The next two weeks will be devoted to preparing for the 4 exams we’ll take on the 24th. If I could just stay focused on the subject at hand… I swear, you put toys in my hand and my mind always wonders off somewhere else. Part of what we’re practicing of course is plotting and navigation. Using dividers to measure distance on a map got a little boring and I started doodling with them. I can’t draw worth a damn, but turns out I can create some pretty cool geometric designs. After a bit of toying around, I came up with a Logo idea for Diving Into Cruising. Taking a few stabs at it, I finally perfected the image. Trying to first color it using colored pencils, the finished product was seriously lacking any flare. I then tried markers and it was a little better, but still not great. Then I remembered a post I’d read by Kevin on Catchin’ Rays and he used a program called Phoxo to fill in his image that I remembered had teeny tiny detail lines and he did a beautiful job of it. Hitting him up for more information, he walked me through using the program to get a perfect finished painting for my artwork. Thank Kevin!
What do you think? Applied for the Copyright today!
April 30, 2014
We’ve finally had a very productive weekend working on Mofilla, but as I’m sure you can guess by the title of this post, our sense of accomplishment was very short lived as we uncovered our next major concern. We thought we’d isolated all of the rotten part of the apron to be in the transom area of the boat and with the repairs we’ve completed, we were feeling pretty good about it. Putting some final touches on it this weekend, leveling it out and wrapping a few layers of 17oz fiberglass cloth around it, we thought the surgery had gone well and the rest of the backbone was ready for action. Well… not so fast there whipper snapper! Just a couple feet forward, starting to dig away the rot where the hull meets the keel, we’ve found it to go all the way into the apron and through the other side.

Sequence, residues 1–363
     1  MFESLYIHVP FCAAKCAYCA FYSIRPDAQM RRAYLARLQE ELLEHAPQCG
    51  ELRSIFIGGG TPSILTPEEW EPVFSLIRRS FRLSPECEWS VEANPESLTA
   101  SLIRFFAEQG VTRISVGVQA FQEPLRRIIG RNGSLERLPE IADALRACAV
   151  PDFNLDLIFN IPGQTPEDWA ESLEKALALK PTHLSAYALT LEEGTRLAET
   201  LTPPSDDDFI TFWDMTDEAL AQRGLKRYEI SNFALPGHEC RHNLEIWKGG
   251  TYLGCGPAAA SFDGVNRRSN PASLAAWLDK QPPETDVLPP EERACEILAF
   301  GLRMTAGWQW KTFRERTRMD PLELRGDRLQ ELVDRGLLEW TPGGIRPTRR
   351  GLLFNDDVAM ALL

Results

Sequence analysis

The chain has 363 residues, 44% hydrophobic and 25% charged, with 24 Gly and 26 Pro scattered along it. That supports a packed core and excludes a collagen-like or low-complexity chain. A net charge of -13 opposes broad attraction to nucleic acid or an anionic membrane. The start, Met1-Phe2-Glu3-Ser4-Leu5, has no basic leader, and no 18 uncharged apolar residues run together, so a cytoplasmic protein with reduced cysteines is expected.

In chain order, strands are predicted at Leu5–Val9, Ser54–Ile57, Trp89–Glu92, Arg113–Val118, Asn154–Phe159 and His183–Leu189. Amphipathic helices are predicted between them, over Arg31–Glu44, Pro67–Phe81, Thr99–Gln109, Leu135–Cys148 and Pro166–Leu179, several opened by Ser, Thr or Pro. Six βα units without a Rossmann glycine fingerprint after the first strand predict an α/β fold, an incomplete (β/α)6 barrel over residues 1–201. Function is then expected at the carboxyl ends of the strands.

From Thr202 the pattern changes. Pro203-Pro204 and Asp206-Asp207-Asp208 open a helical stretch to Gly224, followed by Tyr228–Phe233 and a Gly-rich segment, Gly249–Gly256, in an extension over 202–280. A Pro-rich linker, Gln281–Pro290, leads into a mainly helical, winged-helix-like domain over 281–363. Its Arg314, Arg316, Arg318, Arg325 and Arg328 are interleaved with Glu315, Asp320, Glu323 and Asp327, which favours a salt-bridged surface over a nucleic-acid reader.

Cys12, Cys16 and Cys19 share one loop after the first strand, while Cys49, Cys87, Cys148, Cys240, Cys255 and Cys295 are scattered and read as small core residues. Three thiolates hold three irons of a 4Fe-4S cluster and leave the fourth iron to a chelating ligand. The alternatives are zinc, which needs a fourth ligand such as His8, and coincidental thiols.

This new section of rot is directly under the stuffing box for the propeller shaft. Is it leaking there? Where is all this water coming from? We have to identify the source. We thought that maybe the cockpit scuppers were leaking and that all the water was pooling around the keelson and by laying up on the hard for the last 6 years with no bilge pump to run, that water just sat there. That’s still our most logical guess as the evidence of duct tape wrapped around one of the drains is a pretty good indication that they leak. Regardless of how the water entered, we’re pretty sure it’s sitting on the hard for so long without a bilge pump running that has caused all the areas of rot to begin in the backbone of the boat. Unfortunately, the years of neglect have really scarred this boat and allowed damage to occur that could have been avoided. Just a little effort to keep her dry would’ve been nice! Again, I will say “Always listen to your moisture meter, even if your broker is telling you he’s known various paints to send off bogus moisture signals!” Remember, brokers are there to sell a boat, not protect your interest. Sad, but true…
I think the following pictures tell the story pretty well…